At that point, Tor did a mock phone call maneuver that involved punching numbers on his phone. A variety of numbers. I reminded him that 911 would work just fine. He then threatened to do me physical harm; I reminded him that I had already noted his license plate and had his pictures on our security system, then went back into the store and e-mailed the data to my G-Mail account for reference. Tor and his stout comrade drove off in a huff--well, okay, it was still a Dodge Ram--and we heard nothing further.

One thing's for sure--if you deal with the public, you never know what to expect!

Monday, March 20, 2006

Ten Friendships Sidetracked

I've done a lot of list-making on this blog, so it's time for another one, albeit a bit more personal. I think if any of us looks back, we'll see friendships that somehow got sidetracked; in most cases, we probably don't even remember why. Here are ten people I wish I still had regular contact with:

(1) Gary Steele - my closest friend from junior high and high school, and someone I remained close to until about 1979, when something happened. Don't know what, but from that time on, we went our separate ways, and as of now I have no idea how to even get in touch with Gary, since he moved a year or so ago and left no forwarding address or number.

(2) Sven Ahlstrom - I have a contact e-mail for Sven, but we only exchange perfunctory e-mails. However, there was that time in 1970-72 when Sven, Susan, and I were together almost constantly.

(3) Stven Carlberg - Our friendship was sometimes stormy, sometimes smooth, but I think that Stven and I had far more in common than either of us fully realized. Oddly enough, Stven's now in Atlanta and sees Ward semi-regularly, but I never hear nor see from him at all.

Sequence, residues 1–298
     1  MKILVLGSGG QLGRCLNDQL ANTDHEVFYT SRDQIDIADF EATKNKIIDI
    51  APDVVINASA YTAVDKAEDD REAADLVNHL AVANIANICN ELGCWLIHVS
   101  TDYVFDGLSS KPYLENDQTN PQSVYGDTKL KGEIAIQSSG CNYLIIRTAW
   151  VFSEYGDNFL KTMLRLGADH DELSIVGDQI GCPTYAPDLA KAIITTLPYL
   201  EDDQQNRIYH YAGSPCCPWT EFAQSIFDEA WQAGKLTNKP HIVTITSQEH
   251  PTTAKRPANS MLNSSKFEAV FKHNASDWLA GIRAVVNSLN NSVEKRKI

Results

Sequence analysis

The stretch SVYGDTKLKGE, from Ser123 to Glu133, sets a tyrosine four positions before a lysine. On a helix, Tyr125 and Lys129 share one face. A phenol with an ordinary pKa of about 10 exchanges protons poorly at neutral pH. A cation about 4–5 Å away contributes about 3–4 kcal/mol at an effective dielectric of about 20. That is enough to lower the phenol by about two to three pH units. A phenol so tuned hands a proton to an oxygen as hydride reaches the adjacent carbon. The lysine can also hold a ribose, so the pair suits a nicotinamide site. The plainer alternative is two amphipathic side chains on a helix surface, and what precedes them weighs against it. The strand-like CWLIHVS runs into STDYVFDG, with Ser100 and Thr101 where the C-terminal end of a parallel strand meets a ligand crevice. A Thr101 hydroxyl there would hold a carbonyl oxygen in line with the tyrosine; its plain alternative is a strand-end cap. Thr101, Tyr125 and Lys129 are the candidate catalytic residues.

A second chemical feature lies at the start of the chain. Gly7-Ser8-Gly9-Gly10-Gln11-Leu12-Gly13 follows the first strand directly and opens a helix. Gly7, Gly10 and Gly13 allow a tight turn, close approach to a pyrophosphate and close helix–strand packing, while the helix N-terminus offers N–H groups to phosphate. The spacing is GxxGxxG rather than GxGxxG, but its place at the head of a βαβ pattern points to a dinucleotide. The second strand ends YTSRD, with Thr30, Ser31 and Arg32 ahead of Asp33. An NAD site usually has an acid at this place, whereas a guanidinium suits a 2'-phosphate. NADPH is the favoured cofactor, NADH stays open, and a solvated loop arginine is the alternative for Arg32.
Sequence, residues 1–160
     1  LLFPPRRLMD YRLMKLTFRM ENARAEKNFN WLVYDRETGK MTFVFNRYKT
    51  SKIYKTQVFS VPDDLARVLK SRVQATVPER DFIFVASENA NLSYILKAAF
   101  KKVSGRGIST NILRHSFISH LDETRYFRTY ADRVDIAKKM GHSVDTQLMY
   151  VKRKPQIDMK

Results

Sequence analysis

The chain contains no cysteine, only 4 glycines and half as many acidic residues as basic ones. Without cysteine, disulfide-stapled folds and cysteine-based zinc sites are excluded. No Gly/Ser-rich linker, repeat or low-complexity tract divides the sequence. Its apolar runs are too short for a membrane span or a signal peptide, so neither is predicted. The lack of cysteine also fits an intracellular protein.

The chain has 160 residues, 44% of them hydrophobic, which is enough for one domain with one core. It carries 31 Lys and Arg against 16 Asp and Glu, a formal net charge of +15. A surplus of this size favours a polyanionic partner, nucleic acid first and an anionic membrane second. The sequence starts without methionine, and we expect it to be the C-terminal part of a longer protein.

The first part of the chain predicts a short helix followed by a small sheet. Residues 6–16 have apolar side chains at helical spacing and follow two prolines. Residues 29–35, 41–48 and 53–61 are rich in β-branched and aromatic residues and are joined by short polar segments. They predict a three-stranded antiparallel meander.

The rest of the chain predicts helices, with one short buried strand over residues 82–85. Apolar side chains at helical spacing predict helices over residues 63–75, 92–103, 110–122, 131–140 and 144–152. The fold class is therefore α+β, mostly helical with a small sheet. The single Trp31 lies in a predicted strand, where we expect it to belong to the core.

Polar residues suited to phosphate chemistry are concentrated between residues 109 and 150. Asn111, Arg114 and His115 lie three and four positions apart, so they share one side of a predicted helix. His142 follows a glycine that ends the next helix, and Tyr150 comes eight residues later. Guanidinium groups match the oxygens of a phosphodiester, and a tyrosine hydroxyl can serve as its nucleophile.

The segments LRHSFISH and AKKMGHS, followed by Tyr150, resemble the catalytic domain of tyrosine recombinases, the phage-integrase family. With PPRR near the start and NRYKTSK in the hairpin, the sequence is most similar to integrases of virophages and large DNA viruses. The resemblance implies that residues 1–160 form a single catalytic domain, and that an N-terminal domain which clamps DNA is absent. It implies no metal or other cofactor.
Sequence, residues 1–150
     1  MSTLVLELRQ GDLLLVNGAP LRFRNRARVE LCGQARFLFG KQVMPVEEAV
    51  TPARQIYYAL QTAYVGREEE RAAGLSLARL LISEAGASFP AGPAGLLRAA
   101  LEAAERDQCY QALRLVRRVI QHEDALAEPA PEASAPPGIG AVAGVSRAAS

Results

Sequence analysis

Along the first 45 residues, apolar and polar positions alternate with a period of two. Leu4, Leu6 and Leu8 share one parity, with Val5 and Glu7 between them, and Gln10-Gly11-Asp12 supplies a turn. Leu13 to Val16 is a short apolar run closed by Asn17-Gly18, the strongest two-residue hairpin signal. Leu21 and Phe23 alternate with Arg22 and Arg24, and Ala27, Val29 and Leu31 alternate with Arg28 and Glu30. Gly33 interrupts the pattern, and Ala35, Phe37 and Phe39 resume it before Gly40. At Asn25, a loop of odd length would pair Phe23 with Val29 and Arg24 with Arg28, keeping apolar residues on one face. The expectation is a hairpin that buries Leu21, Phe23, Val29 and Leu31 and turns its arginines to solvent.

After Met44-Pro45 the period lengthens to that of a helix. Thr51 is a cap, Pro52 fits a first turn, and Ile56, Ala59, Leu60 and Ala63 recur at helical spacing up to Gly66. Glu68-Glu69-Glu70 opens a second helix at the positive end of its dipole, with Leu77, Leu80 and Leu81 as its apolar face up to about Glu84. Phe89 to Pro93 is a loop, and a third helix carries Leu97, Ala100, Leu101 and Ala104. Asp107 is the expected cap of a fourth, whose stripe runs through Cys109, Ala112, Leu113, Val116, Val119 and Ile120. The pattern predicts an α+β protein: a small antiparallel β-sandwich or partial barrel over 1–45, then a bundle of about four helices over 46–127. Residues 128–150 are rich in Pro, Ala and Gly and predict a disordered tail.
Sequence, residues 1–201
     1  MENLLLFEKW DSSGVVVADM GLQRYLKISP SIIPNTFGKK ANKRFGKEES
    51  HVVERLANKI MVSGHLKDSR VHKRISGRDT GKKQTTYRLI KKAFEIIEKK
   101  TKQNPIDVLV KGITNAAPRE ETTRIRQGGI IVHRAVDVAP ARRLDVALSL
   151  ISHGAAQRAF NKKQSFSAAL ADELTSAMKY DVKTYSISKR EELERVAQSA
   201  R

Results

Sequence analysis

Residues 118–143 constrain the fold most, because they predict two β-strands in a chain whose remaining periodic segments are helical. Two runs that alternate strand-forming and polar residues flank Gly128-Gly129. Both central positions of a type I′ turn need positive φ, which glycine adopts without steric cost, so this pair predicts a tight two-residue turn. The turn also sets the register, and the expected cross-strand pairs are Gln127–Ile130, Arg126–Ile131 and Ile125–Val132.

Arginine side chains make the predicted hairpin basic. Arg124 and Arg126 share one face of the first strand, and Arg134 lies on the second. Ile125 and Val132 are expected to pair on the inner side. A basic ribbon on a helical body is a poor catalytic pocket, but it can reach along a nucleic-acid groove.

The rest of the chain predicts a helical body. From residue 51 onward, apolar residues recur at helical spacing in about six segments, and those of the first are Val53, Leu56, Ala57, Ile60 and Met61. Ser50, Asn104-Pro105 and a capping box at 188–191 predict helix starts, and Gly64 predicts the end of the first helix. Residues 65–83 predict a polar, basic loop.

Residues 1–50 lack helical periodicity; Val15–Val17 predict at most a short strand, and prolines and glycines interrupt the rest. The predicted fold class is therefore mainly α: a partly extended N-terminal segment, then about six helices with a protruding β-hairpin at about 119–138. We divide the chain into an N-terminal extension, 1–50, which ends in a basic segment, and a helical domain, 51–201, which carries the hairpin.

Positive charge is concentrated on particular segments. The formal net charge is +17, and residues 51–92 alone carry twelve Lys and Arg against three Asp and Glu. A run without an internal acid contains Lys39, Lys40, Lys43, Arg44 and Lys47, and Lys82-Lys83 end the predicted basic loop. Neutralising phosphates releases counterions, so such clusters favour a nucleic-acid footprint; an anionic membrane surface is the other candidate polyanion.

(4) Janice Gelb - One of the most remarkable women I've ever known, a person of incredible principle and dedication. Life led her on a divergent path, and I miss her.

(5) Wade Gilbreath - A dear friend throughout the 70s and early 80s, Wade and I shared a passion for music, for literature, and for art. The difference was, Wade was artistically talented and I was only modestly so, if at all. Wade remains in the Birmingham area, happily married and the father of a remarkable son. Wade and I renewed contact up until the time that my mother died; I felt that I overburdened him with my anguish at that time, though, and felt too guilty about it to ever renew the contact.

(6) Judy Walker - We taught together at North Cobb, but I all but lost contact with her after I left teaching. Judy's still there, and I hear about her from time to time from Robin Fletcher and others, but that's not the same as actually talking to her.

(7) Deb Hammer-Johnson - I got to know Deb when she owned the Book Rack in Rome, GA, and we became intense, sometimes fractious friends. It was a volatile, remarkable friendship, and it inspired some of the most vivid memories of my life. (I still remember the time I had her semi-convinced that we didn't exist...) Deb and I have exchanged a few e-mails, and I've enjoyed re-establishing a level of contact with her.

(8) Cecil Hutto - In the 1970s, we shared a close friendship, engaged in many philosophical discussions, and had a great deal of influence on one another. We drifted apart after a while, but every now and then we briefly renew contact; alas, I haven't heard anything from Ceese in about six years.